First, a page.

Insects of Britain and Ireland: the genera of Lepidoptera-Noctuidae

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L. Watson and M. J. Dallwitz

Mamestra Ochsenheimer

Adults. Head rough. Eyes hairy; not ciliated. Antennae of males ciliate.

Wingspan 36–50 mm. Thorax coloured like the forwings, the abdomen like the hindwings. Forewings dark fuscous; fuscous; complexly patterned; the patterning well marked to obscure (with confused marblings and mottlings); reniform defined (light-outlined); orbicular defined; claviform defined. Hindwings fuscous, or grey; terminally darkened; with a clear discal mark; without transverse lines; exhibiting vein 5. Vein 5 of the hindwings weak; arising nearer to vein 6 than to vein 4. Thorax crested (front and back). Posterior tibiae without spines (?). Abdomen crested.

Living adults found May to August.

Larvae, pupae. Larvae feeding on Brassica species, boring very damagingly into the 'hearts' of commercial varieties; pupating in the soil.

British representation. 1 species; South-east England, Central-southern England, South-west England, English Midlands, Northern England, Southern Scotland, Northern Scotland, Wales, and Ireland (very common); brassicae (Cabbage Moth).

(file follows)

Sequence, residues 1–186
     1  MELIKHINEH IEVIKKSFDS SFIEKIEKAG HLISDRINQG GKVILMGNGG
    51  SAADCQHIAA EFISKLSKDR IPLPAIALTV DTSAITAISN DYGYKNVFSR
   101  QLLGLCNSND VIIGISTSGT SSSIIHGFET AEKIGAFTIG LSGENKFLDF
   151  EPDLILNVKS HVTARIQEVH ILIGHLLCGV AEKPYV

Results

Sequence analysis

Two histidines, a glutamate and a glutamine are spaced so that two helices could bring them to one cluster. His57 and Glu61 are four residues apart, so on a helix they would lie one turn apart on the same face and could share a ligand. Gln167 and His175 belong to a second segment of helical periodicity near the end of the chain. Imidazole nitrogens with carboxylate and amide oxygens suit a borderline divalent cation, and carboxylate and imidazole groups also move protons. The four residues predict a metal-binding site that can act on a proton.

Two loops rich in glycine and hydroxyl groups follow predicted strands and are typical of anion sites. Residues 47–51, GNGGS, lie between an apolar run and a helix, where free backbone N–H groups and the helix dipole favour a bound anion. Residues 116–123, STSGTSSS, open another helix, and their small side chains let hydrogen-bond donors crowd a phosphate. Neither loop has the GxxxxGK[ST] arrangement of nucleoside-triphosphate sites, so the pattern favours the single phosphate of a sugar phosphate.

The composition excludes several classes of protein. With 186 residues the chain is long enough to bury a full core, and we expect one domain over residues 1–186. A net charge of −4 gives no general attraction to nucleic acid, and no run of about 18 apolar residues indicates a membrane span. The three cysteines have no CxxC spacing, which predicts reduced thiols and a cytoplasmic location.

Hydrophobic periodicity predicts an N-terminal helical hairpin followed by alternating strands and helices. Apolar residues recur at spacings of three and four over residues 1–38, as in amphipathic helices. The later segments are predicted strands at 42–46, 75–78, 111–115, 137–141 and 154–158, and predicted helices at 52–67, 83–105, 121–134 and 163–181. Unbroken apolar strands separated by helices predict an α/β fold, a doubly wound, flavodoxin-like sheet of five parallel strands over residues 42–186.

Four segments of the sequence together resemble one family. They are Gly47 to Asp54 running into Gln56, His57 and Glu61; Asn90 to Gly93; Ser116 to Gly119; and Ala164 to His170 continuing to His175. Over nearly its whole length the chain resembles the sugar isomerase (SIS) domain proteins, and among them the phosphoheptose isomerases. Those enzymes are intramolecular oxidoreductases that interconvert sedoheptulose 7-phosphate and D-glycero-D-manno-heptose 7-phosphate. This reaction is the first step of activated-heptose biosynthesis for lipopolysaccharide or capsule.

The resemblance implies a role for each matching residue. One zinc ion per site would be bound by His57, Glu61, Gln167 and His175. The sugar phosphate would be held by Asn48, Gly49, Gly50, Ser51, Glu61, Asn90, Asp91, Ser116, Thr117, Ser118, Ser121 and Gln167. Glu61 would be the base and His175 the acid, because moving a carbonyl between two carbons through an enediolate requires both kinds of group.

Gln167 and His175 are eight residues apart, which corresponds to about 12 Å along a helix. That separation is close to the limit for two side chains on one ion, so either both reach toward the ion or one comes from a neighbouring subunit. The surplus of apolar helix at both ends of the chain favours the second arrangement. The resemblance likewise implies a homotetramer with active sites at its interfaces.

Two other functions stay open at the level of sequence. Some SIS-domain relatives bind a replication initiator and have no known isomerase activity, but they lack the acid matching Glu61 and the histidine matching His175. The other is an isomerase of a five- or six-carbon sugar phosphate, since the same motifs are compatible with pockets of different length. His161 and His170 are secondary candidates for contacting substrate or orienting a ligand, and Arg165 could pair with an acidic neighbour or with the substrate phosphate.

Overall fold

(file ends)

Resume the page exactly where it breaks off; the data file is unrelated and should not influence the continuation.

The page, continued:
Illustrations. • Hadeninae: M. brassicae (Cabbage Moth), and 8 related genera: Newman. • Noctuinae and Hadeninae: Kirby 35. • neuration: Hadeninae (Mamestra brassicae).

To view the illustrations with detailed captions, go to the interactive key. This also offers full and partial descriptions, diagnostic descriptions, differences and similarities between taxa, lists of taxa exhibiting or lacking specified attributes, and distributions of character states within any set of taxa.

Cite this publication as: ‘Watson, L., and Dallwitz, M.J. 2003 onwards. Insects of Britain and Ireland: the genera of Lepidoptera-Noctuidae. Version: 8th June 2016.’.